Chronic Illness and Mental Health
The effect of Crohn’s disease, alongside any chronic illness, surpasses just physical health. A large number of sufferers struggle mentally too, me included. As I was diagnosed at 17 with a bowel disease, that is incurable, I lost all confidence within myself and was too ashamed to tell anyone what was going on with me. I became so isolated and depressed. My stress levels were through the roof as I was about to take my AS Level exams AND I was putting on weight.
I had always had the usual body-image woes, like most people, but the weight gain from my steroids meant that everything I had worried about before catalysed before my eyes. This was the start of a long, hard battle with the eating disorder Bulimia Nervosa.
For the past four years, alongside bulimia, I suffered greatly with depression to the point that I had to attend Cognitive Behavioural Therapy, spend a year with The Yorkshire Centre For Eating Disorders and begin anti-depressants which I have been on for nearly two years now.
I think people misunderstand just how chronic illness can affect you mentally, it completely changes your life and everything you do. You lose friends, because you appear flaky when you cancel all the time. You have to give up certain parts of your life, change your diet, adapt your work-life, manage being poorly every single day without feeling like a burden.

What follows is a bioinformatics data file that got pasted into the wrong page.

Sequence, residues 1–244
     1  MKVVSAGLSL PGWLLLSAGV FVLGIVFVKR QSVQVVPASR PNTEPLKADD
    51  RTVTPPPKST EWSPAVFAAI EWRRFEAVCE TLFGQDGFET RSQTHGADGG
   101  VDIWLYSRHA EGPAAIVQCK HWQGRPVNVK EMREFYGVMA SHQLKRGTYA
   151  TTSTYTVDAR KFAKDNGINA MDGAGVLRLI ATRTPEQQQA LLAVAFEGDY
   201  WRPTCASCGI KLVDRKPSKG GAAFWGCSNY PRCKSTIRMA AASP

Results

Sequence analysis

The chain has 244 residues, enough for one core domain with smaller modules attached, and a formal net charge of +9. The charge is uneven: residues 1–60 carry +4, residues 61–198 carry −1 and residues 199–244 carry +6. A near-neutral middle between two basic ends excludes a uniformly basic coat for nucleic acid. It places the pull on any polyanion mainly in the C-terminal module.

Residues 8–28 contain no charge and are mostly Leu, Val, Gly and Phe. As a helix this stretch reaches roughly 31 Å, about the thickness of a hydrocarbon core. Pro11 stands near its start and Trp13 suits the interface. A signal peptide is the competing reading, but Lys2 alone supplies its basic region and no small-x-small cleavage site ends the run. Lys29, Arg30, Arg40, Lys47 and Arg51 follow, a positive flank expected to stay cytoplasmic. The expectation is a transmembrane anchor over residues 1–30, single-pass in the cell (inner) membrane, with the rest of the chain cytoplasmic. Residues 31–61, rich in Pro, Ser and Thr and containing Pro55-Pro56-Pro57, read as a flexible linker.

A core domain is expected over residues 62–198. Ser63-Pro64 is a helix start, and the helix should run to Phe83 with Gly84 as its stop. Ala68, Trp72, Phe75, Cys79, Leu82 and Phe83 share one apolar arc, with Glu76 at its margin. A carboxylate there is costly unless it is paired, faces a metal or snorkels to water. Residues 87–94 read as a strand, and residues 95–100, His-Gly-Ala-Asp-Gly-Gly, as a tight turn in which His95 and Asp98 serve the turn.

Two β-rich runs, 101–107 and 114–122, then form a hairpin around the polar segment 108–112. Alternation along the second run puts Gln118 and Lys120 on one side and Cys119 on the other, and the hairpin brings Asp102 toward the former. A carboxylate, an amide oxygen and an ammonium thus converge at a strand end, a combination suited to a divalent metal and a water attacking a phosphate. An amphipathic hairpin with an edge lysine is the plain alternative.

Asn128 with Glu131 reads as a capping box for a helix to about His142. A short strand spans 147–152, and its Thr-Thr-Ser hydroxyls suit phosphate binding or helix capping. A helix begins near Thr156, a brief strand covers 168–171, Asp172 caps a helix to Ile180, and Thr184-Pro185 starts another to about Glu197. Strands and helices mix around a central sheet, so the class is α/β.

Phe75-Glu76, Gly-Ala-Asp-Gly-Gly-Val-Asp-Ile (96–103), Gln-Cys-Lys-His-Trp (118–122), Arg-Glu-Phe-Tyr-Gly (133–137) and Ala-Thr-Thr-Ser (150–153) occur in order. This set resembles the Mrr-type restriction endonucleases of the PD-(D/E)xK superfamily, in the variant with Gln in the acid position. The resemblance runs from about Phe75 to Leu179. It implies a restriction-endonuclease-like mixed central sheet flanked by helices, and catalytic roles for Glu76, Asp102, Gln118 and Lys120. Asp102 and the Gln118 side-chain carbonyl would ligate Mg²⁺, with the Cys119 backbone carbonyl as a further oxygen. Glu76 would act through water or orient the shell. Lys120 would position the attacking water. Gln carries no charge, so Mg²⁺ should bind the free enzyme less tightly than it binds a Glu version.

Crohn’s Disease has disrupted all plans I had for my future. I had to leave university because I was too sick to manage, I became isolated because it was easier to have no friends than to disappoint people, I had to leave 2 jobs because the people around me didn’t understand my condition.
However, having Crohn’s Disease has introduced me to the most amazing and inspiring people, it has renewed my passion for writing and creating awareness and it lead me onto the path that created my music tuition business which I won ‘Young Business Owner of The Year Award’ at the British Business Awards 2019.
Every cloud has a silver lining, and everything that happens to you makes you a stronger person.
IBD stands for Inflammatory Bowel Disease.
IBD stands for Incredible, Brave and Determined.
For more information on Crohn’s Disease/Ulcerative Colitis visit:- https://www.crohnsandcolitis.org.uk/
Emma also runs a blog where she talks more about living with Crohn's- , http://www.quitesimplyemma.co.uk/about.html, check it out!
(Originally published 3/1/20)